Dioner Navarro (TBA) 35 25 12
Jeff Mathis (ANA) 34 31 11
Rod Barajas (TOR) 34 31 12
Gregg Zaun (TOR) 33 30 12
Carlos Ruiz (PHI) 33 30 12
Chris Iannetta (COL) 32 30 14
John Buck (KCA) 31 27 13

Ramon Hernandez led the majors, enjoying a close up view of 58 hit batters on the season. That’s a career high for the Baltimore backstop, and the first time he’s led the league in catching plunks. He got a lot of his battery help from Baltimore pitcher Daniel Cabrera, who led the majors in hitting batters in 2008. But, only 12 of Cabrera’s hit batters occurred with Hernandez behind the plate. The other 46 plunks were split between 17 other Orioles pitcher. His favorite team to put batters in harms way was the Yankees, who got hit 10 times with Hernandez catching against them, with the Rays close behind with 9 plunks.

While we’re on the subject of catchers, let’s take a look at which of them is the most indifferent. That, of course, is measured by how many runners they let advance on defensive indifference.

2008 Defensive Indifference leaders:

Catcher Runners allowed to
advance on
defensive indifference
Carlos Ruiz (PHI) 15
Russell Martin (LAN) 13
Jason Varitek (BOS) 12
Jason Kendall (MIL) 11
Geovany Soto (CHN) 11
Brian McCann (ATL) 11
Yadier Molina (SLN) 10
Kelly Shoppach (CLE) 7
Rod Barajas (TOR) 6
A.J. Pierzynski (CHA) 6
Dioner Navarro (TBA) 6
Chris Coste (PHI) 5
Chris Snyder (ARI) 5
Ramon Hernandez (BAL) 5
Kenji Johjima (SEA) 5
Kevin Cash (BOS) 5

It’s not too surprising that a lot of the leaders in this category are from playoff teams – teams that won a lot of games and were in a lot of positions where they wouldn’t mind a runner taking an extra base late in a game. Overall, defensive indifference was down in 2008 with only 247 base runners advancing in situations where the catcher was judged to just not care. There were 255 such incidents in 2007.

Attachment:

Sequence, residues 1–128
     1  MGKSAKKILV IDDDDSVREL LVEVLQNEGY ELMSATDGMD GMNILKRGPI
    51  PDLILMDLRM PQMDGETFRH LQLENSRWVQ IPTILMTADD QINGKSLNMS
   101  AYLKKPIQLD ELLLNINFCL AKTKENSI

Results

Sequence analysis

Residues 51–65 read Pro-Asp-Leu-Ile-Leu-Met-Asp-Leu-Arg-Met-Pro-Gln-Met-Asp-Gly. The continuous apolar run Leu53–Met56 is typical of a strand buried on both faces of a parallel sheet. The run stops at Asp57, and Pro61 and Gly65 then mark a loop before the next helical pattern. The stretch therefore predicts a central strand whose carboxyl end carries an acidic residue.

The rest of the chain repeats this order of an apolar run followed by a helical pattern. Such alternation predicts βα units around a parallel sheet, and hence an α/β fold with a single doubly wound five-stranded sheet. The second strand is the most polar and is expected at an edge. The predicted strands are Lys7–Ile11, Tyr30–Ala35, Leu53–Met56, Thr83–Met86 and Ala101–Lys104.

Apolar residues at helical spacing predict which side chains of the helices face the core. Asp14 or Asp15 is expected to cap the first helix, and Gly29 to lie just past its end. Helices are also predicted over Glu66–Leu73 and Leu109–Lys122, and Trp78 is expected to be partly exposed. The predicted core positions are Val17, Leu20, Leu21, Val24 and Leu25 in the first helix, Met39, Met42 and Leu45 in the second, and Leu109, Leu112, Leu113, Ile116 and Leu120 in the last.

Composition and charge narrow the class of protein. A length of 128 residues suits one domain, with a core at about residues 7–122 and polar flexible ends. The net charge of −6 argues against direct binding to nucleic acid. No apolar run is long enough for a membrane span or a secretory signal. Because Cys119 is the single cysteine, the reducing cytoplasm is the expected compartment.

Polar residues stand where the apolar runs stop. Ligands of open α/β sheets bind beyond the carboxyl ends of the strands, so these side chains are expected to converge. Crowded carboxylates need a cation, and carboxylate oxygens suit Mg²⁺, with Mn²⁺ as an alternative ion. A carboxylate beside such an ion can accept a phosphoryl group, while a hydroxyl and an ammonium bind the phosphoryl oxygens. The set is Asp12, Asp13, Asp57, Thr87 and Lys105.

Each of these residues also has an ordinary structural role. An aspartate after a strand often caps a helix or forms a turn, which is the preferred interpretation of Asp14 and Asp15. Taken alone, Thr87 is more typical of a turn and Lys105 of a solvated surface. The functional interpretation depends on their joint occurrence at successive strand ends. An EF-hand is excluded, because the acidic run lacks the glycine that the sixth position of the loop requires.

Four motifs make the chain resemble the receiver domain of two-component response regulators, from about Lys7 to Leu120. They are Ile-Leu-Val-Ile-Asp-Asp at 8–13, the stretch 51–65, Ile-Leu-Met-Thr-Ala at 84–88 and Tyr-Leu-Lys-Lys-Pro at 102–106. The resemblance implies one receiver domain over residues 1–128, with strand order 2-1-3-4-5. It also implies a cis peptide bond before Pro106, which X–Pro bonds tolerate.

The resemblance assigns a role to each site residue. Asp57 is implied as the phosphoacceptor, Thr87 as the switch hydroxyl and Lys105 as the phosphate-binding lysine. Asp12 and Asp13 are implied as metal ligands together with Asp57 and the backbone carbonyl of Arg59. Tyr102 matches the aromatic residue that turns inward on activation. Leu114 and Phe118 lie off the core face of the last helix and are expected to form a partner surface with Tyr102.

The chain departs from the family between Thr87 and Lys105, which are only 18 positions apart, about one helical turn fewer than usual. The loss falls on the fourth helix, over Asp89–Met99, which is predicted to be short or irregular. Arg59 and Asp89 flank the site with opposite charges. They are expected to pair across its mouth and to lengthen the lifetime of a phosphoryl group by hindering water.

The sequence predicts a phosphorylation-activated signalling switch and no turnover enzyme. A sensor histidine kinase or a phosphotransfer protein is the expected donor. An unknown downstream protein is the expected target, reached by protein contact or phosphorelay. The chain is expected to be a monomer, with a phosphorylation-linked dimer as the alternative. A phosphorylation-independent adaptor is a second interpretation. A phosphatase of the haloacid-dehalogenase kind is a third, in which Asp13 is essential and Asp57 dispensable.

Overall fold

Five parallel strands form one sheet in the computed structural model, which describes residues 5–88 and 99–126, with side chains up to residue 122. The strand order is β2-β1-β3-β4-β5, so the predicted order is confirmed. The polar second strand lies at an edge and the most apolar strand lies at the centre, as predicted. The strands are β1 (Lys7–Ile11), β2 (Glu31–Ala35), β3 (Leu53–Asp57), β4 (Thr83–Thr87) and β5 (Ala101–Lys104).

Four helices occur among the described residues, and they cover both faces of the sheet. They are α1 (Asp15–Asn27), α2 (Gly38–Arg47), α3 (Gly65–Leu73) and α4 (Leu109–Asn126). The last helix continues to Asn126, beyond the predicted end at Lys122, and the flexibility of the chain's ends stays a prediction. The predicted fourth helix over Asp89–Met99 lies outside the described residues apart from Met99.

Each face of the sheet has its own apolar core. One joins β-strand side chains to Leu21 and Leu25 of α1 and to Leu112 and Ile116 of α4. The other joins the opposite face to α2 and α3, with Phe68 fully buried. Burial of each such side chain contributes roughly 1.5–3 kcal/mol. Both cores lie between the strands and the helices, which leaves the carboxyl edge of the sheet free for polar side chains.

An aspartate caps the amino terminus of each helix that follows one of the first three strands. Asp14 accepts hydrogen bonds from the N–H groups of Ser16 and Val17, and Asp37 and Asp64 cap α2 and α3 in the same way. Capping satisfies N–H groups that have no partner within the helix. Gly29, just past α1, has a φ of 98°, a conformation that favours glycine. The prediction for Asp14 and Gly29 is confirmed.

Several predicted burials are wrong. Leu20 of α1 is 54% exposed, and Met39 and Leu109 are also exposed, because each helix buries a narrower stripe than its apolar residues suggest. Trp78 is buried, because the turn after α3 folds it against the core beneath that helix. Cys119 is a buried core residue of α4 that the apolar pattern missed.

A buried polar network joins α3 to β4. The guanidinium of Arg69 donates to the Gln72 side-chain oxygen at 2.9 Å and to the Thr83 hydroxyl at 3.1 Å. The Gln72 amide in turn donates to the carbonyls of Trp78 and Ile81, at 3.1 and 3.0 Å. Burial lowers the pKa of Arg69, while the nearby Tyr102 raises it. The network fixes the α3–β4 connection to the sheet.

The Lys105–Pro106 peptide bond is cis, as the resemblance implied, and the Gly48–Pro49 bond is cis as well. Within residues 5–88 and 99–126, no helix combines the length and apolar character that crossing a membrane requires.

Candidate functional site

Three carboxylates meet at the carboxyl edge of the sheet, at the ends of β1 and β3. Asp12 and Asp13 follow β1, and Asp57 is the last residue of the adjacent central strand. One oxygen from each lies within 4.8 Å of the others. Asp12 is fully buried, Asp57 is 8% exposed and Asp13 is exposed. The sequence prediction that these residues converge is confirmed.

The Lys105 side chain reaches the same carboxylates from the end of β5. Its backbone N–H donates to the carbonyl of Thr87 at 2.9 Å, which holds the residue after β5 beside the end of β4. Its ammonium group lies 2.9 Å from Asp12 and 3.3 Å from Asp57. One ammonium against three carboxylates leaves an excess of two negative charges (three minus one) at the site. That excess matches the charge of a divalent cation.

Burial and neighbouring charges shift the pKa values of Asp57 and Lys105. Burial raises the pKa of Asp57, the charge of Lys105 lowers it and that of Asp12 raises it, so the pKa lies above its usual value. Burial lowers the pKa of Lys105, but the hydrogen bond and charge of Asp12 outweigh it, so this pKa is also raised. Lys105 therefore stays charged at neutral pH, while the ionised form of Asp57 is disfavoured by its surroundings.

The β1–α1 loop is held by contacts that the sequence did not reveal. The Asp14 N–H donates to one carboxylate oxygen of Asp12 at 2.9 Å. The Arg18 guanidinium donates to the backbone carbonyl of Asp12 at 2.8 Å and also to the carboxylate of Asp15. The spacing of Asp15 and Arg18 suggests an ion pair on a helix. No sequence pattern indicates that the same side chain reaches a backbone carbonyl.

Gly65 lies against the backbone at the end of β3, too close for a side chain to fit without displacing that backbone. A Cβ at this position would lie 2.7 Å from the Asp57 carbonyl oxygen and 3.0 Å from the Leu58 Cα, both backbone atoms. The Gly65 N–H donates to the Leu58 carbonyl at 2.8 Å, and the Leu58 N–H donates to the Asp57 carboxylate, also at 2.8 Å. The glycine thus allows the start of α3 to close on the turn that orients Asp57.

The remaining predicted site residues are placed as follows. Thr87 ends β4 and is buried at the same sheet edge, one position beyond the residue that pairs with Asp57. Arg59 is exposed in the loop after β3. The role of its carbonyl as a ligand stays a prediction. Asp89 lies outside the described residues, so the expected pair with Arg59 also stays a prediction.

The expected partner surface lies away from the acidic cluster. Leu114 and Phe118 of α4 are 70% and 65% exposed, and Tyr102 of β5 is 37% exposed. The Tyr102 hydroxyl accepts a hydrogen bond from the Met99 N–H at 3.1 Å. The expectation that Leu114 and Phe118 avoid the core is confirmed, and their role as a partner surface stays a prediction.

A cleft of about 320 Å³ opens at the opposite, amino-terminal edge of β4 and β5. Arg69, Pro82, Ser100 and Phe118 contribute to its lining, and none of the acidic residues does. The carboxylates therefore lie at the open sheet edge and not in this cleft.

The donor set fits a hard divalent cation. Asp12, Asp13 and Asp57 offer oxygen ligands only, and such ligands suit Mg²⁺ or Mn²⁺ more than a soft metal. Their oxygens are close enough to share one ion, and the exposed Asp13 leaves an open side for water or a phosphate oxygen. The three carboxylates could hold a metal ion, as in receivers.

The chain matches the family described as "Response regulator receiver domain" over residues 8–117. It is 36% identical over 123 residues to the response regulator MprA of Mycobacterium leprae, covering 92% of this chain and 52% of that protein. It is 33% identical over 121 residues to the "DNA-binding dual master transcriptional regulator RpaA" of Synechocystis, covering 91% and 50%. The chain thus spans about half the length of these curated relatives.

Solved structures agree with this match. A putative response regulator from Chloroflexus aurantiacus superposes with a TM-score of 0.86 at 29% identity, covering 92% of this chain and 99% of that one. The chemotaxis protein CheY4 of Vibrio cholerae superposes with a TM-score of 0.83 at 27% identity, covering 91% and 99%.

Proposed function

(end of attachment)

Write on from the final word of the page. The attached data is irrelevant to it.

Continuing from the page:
Padres thwart Khalil Greene’s record attempt

Friday, December 5th, 2008

Khalil Greene had been hit by 32 pitches in his career with the San Diego Padres – just 3 plunks short of tying the Padres career HBP record of 35, held by Gene Tenace since 1980. But Greene was traded yesterday, to the Cardinals, which means he won’t be breaking any franchise career plunk records any time soon. This brings up several obvious questions – were the Padres trading him to keep Gene Tenace’s record intact, or did they ship Greene out of town due to his slow progress toward that record? Or, did they need to get him out of the way because they expect Kevin Kouzmanoff to break the record in 2009, and having Greene near the record at the same time might be too confusing for fans, or create too much of a media frenzy with everyone wondering who will be the first Padre to get hit by 36 pitches in his career? (Kouzmanoff has 25 in just 2 years with the Padres.) If the intent was to protect the Gene Tenace record, will Kouzmanoff be put on the block after he gets hit by another 5 or 8 pitches? And how exactly have they gone this long without having anyone get hit by more than 35 pitches? Don Baylor got hit that many times in 1986 alone. Craig Biggio got hit almost that many times (33), just in games against the Rockies, who weren’t even in the same division. Clearly the Padres need to do something to become the sort of team that inspires a little more personal sacrifice then they’ve been getting from most of their players.